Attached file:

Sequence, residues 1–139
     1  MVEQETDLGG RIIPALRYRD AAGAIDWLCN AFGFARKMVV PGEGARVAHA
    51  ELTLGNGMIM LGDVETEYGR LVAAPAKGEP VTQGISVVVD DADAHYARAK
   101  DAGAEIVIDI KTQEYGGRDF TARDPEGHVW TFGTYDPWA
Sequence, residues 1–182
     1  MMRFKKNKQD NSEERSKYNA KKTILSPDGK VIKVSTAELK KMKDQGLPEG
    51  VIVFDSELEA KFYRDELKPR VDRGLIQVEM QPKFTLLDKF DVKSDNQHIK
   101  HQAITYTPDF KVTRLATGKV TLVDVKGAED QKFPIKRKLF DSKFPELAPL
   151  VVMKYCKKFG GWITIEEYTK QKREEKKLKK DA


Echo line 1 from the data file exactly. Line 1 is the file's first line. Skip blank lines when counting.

Sequence, residues 1–139